3)   Suffering is good discipline! Hardships develop character, right? We might become better persons with deeper faith through dealing with loss, pain, handicap, and illness. Just before I typed this paragraph yesterday, I lost my “un-saved” sermon, and had to start over. And I realized – a test of faith through a pretty minor illustration of suffering like that might have been God’s way of reminding me that “a little pain” can call me back to Him. Remember CS Lewis’ claim that “Pain is God’s megaphone.” In the New Testament book of Hebrews we are told, “Endure trials for the sake of discipline. God is treating you as children; for what child is there for whom a parent does not discipline? … We had human parents to discipline us, and we respected them. Should we not be even more willing to be subject the Father of spirits and live? … He disciplines us for our good … Now, discipline always seems painful rather than pleasant at the time, but later it yields the peaceful fruit of righteousness” (Hebrews 12:7-11). Discipline yields “righteousness” – there’s that description of Job again.

4)   Suffering is needed as a contrast to pleasure.This, in my humble opinion, is the weakest argument for why suffering happens – but it is true. Without a loss, we take for granted what we have. Have you ever given something to the Just-for-Fun Yard Sale because you never use that thing anyway – and then the week after it sold at the Yard Sale you find a need for it? Without suffering, we don’t really enjoy pleasure, because we don’t realize that it is pleasure. In the winter, most of us don’t even think about our furnace – until it goes out! Sometimes, I believe, God gives us hard times to help us be more grateful for life’s blessings.

5)   Suffering is a necessary prelude to new life and hope. This is the message of the cross. It takes suffering to produce new life. Only through the pains of childbirth can an infant be born. Spring would not be so joyous without the barrenness of winter. Jesus tells us, “If anyone wants to be my disciple, he must take up his cross and follow me. For those who want to save their life must lose it, and those who lose their life for my sake … will save it” (Mark 8:34-35). There can be no resurrection without a crucifixion.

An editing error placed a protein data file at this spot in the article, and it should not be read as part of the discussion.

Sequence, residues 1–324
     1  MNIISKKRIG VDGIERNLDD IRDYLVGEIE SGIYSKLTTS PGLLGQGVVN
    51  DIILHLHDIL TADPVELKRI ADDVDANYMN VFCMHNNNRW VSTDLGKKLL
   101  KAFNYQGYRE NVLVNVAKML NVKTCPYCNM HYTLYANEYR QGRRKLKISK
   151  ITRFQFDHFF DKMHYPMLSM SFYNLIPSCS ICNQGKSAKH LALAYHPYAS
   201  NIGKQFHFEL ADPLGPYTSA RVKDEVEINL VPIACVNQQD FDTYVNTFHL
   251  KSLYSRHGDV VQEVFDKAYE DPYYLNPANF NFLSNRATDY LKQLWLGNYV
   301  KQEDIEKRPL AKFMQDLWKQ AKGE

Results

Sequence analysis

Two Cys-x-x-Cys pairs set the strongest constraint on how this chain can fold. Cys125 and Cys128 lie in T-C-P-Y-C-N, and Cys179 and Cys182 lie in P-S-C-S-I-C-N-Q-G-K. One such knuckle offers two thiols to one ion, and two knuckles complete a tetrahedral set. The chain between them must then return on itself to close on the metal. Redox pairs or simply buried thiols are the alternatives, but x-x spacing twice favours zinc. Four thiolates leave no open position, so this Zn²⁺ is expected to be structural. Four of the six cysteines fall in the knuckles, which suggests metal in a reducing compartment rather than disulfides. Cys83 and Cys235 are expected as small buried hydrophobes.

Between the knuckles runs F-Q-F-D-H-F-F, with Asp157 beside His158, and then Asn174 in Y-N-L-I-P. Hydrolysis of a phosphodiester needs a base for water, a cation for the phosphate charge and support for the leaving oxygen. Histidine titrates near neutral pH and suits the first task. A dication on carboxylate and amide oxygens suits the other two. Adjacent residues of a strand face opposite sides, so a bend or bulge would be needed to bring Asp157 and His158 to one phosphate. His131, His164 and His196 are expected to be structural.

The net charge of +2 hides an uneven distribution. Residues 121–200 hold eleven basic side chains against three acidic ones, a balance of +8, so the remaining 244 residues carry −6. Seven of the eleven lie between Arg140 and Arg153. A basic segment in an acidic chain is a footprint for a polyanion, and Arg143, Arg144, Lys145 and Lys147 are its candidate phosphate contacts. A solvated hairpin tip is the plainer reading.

As one continues reading through the book of Job, what we discover is that Job wants his readers to understand that it is a living relationship with our living God that gets us through the hard times. In Job 19:25-27 he shouts out, “I know that my Redeemer lives, and that in the end of time He will stand upon the earth! … How my heart yearns within me!

Maybe our suffering is nothing more than God helping us know how much we need Him!

Job wants us to know that God is real – and accessible – to all who call upon Him – and that God is always present in our struggle to face and to overcome the suffering.

I don’t mean that we don’t already truly intellectually agree that God is real, that He is almighty, or that He loves us. We very well might totally agree with that. But understanding that academic truth does not mean we have a full-on, trusting, relationship with that God! And that’s what’s at stake.

Loving God, You hear Your peoples’ cry. We turn to You for understanding, comfort, and help. We praise and thank You for Your wisdom, Your strength, and Your unfailing love, made ours through Jesus Christ our Lord. Amen.

Resources:

Kaiser, Walter C. ; Hard Sayings of the Old Testament; InterVarsity Press; Downers Grove, IL; 1988; Pp. 149-151.

Psalms for All Seasons: A Complete Psalter for Worship; Calvin Institute of Christian Worship; Grand Rapids, MI; 2012; P. 374.

Wingeier, Douglas E., and Watson, David Lowes; Troublesome Bible Passages; Abingdon Press; Nashville, TN; 1994; Pp. 20-24.